Beauty enthusiasts rushed to Pier 36 on the first of October for the Beautycon, a convention dedicated to brands, content creators and fans coming together. The Knockturnal caught CEO of Beautycon Moj Mahdara at the event to talk about create beautycon and why content creators have built the best kind of audience.
Q: The overarching theme of Beautycon seems to be fun. What’s the most fun part of the industry for you?
A: I really like that there are a bunch of young indie brands [and] young indie creators. I like the fresh faces of beauty. I like the diversity, ethnicity, [and] gender fluidity is pushing its way to the forefront of the beauty conversation. As someone who is a minority in a couple different ways, I can appreciate that there is a place and products and platforms and content that is really evangelizing the diverse, 2016 faces of beauty. So, that’s what’s exciting for me.
Q: Many companies are successful because they saw a need and fulfilled it. Was there a need that you saw when you created Beautycon?
A: The need that I really saw is that there were a lot of traditional beauty media companies that were focusing on putting women at the forefront of their covers that were more traditional, is what I will say. There weren’t a lot of brown or Asian or Middle Eastern or transgender faces or gay faces or inclusion of difference body shapes or sizes. I just felt that people feeling bad about themselves is not positive for us as a society. Today there’s a ton of positivity in this room. You can feel it; it’s contagious right? You can feel it in our content, you can feel it in our products. Our focus is about the reinvention of beauty and leaning in to that.
Q: What do you think we can learn from content creators as consumers and brands?
A: What brands and consumers can learn from creators is that leading with vulnerability, leading with transparency, leading with diversity, leading with inclusiveness, leading with love not hate is – look we’re at a very pivotal time in our culture, you can no longer be an innocent bystander, a watcher of what goes on. You need to speak up.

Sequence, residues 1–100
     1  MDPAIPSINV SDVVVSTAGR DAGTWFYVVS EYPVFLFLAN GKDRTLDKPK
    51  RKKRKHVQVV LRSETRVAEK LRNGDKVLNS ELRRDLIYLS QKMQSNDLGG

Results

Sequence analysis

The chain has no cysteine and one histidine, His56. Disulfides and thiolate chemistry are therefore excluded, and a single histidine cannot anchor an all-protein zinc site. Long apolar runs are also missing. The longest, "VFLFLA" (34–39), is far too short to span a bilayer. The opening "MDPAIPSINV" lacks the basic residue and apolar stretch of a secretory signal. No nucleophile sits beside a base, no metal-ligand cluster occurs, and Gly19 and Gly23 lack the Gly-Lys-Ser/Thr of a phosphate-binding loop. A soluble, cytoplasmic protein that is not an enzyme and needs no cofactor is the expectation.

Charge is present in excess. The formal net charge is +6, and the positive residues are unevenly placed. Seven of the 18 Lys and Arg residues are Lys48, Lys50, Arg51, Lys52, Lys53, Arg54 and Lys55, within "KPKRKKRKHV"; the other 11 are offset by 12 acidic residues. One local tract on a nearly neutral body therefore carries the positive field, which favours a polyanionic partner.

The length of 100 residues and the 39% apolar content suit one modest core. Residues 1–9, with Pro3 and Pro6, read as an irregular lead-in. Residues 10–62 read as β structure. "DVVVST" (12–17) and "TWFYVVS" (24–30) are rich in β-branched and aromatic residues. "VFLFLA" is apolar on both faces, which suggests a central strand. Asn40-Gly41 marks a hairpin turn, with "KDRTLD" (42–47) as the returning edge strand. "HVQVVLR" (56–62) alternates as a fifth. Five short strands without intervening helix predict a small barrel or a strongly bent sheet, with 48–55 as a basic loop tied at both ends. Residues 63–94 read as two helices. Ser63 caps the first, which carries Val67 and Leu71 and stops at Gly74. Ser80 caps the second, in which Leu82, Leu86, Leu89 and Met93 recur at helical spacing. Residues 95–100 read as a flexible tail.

Q: Do you think showing that vulnerability can build a better audience?
A: Absolutely, I think that’s the difference between a blogger and a vlogger. A blogger is perfect. It’s perfectly art directed, perfect succulents and everything is always gorgeous and beautiful. A vlogger, I’ve seen them with breakouts, I’ve seen them go through breakups, I’ve seen them go through miscarriages, I’ve seen them go through hard times, bad times, good times, I‘ve seen celebrating times, heartache. It’s very human. Look at the line up of talent today. They’re all vloggers. It’s all video content creators; we don’t have a ton of bloggers here. Not that we don’t love them, we like them too, but really we’re here to work with people who have a mission around beauty and I think you can really translate that through video.
Q: I was looking through your Twitter and you’ve retweet many tech companies that have reached beyond simply putting out a product. Was there a particularly company or venture that influenced Beautycon?
A: I really am very enamored by brands that have created amazing director/consumer relationships. I’m an investor in Harry’s. I invest in HelloGiggles. I got to work with Warby Parker early on. So I think those brands have really resonated with me and I love brands who have essentially created a very intense, visceral relationship with their consumer. You look at the exit of thing like Dollar Shave Club; all ships rise with the tide. You look at the exits of itCosmetics, NYX cosmetics. It’s very exciting.
Q: If you had no responsibilities today and could go out into the convention where would you go first?
A: I think I would go to meet a lot of the talent and I think the panels are amazing. The content that’s shared here is amazing. The news that’s shared here is amazing. I’m very passionate about the panels, I’m very passionate about the talent here and what they talk about and the stories they’re sharing. I would also come here to make new friends. I think this is the perfect environment in which you can meet those people that you’ve been DM-ing with, you’ve been Tweeting with [and] you’ve been snapping with and you can meet with them in person today. You can be a fangirl here. I got in to the Beautycon business because I am a fangirl. I started as a fangirl. I was a fangirl of music and I’m that person [where] I’ve met all my bands, I went to all the shows [and] I’ve stood in line; I’ve been these kids. These kids that come here at 6 in the morning, I’ve done that, many times. And I have the ticket stubs and the badges to prove it, so I think for me I’m in to; you want something so bad that you’re willing to give me your time, I’m going to give you the best possible experience I can.